SXSW: All Hail Wiig! Bridesmaids Proves That Chick Flicks Don't Have to Suck
SNL superstar Kristen Wiig breezed into Austin midnight Sunday for what director Paul Feig accurately termed "Kristen Wiig Appreciation Night" -- a double header of this Friday's Paul followed by a special work in progress screening of this summer's Bridesmaids. The May 13 comedy marks Wiig's first honest-to-goodness starring vehicle, an event in itself, but here's even better news: Bridesmaids isn't just the smart and grounded antidote to the shrill chick flicks we all hate; it's the most raunchy, sweet and wonderfully vulgar R-rated comedy in recent memory. Bring it, Hangover 2.
Wiig stars as Annie, a single woman in her 30s who puts on a brave face and then completely loses it in hilarious, disastrous fashion when her engaged best friend's (Maya Rudolph) new friend (Rose Byrne) starts crowding in on her maid of honor status. Filling out the rest of the wedding party are Wendi McClendon-Covey (Reno 911), Ellie Kemper (The Office), and Melissa McCarthy (Gilmore Girls), funny ladies with razor-sharp instincts and comic chops who give Wiig ensemble support, a perfectly cast assemblage of female talent who all get their moments to shine. (Chris O'Dowd also charms as Wiig's cop suitor, while Matt Lucas and Rebel Wilson, as a pair of freakish British siblings, are hysterical and out of left field.)
By Feig's own admission the SXSW work in progress cut was basically finished, a final cut missing last-minute elements like color timing and credits, but those omissions barely registered once the laughs started -- which is to say, immediately. Bridesmaids serves up plenty of Wiig doing what she does best from the opening scene, which finds her performing Olympian coital exercises with her hot-but-horrible sex buddy (Jon Hamm). From there the hijinks take various forms, but it's all arguably topped with a memorable gross-out gag that actually serves the story and sets the bar for any R-rated comedy to follow this year.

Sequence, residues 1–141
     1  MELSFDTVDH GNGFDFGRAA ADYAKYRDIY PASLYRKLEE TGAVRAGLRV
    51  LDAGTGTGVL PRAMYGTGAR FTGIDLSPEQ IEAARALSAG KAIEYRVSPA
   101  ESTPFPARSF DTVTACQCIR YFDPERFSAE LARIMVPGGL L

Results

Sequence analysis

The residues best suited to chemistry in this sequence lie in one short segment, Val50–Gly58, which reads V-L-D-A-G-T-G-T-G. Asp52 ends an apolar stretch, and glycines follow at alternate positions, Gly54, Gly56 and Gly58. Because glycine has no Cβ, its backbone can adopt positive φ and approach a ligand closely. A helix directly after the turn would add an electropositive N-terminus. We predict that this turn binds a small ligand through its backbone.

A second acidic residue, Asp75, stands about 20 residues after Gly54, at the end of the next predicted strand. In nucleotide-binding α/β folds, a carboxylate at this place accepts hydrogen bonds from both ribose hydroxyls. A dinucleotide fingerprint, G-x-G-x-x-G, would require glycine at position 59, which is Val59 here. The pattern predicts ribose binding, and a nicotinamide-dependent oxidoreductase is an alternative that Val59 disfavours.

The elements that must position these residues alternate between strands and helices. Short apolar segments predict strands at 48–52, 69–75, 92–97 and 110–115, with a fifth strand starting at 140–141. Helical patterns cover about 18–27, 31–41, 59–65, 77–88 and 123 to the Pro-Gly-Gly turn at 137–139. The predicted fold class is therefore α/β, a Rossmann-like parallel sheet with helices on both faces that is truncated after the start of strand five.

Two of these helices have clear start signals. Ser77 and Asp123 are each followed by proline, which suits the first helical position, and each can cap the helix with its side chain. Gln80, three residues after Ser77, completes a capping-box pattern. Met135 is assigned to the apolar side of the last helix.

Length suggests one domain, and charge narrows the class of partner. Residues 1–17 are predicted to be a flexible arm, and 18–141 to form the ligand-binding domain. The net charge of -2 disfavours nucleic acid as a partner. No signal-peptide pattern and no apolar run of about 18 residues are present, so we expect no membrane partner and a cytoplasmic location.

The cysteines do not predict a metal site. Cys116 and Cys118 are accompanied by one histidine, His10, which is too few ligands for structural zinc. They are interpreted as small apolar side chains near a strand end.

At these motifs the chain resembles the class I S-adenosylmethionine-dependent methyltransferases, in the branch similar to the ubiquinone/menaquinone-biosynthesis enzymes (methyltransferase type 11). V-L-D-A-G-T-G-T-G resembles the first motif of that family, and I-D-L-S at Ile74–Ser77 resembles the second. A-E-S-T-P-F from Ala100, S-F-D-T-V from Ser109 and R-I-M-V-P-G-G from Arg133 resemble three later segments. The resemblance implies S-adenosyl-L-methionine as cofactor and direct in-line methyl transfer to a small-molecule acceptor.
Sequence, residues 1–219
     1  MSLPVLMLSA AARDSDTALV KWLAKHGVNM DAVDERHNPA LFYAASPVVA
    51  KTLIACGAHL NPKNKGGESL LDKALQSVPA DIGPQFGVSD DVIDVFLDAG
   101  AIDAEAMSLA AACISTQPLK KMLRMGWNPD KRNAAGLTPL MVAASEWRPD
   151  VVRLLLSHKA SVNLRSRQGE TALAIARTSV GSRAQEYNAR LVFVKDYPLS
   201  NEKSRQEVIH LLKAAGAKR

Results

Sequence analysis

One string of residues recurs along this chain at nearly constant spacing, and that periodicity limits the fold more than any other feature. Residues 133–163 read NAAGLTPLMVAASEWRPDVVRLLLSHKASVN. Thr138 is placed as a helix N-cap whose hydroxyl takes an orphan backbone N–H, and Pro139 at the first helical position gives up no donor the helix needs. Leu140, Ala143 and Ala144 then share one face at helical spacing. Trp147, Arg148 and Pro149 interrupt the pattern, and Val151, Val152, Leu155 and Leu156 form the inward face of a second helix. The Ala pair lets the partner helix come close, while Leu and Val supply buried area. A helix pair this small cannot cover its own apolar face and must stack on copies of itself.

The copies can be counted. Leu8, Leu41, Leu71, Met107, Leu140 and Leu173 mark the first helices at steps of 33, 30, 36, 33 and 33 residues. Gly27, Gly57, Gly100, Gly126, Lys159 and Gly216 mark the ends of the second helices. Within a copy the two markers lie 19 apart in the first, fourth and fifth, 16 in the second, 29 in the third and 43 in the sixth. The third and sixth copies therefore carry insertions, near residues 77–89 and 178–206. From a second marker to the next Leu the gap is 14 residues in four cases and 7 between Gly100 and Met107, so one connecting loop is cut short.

These are seriously funny ladies, four of whom -- Wiig, Rudolph, McClendon-Covey, and McCarthy -- came up through The Groundlings together. And part of their ease as a group is in a shared fearlessness, a collective determination to go farther than most actresses probably would. In that regard, Bridesmaids is an exercise in the best kind of competition -- the kind in which individuals are inspired to push farther by their peers and given room to play in by a director with sharp instincts. Bridesmaids itself aims to point out the insanity and stupidity of female competition and unearth strength buried beneath layers of insecurity born from all sorts of minor slights, even as it acknowledges that in real life, yes, women can be catty, jealous bitches.
Credit Wiig and writing partner Annie Mumolo for finding the tragic humor in the wedding ritual, and director Feig for keeping the balance between raunch and sentiment while always training his eye on his Wiig's journey. All three make enormous strides with Bridesmaids, with Wiig declaring herself a viable leading lady, Mumolo making her mark as a writer, and Feig breaking away from producer Judd Apatow's shadow in his first feature film since 2006's Unaccompanied Minors (which, coincidentally, featured Wiig in a small role). The film feels a bit long and could be whittled down to a brisker running time, but that's not to say any of those extra minutes aren't utterly enjoyable.
Bridesmaids is, refreshingly, a movie in which women feel real. They talk about sex. They crack dick jokes. They wake up early to put on make-up and then sneak back into bed and pretend that they always look like that in the morning. And women, like men, can feel buried under the weight of life's disappointments and get stuck in limbo as everyone around them seems to move forward. Nobody registers crippling insecurity and hurt beneath a goofy laugh like Kristen Wiig. Bridesmaids proves that modern comedies about women don't have to be insipid, boring or downright loathsome. Who knew?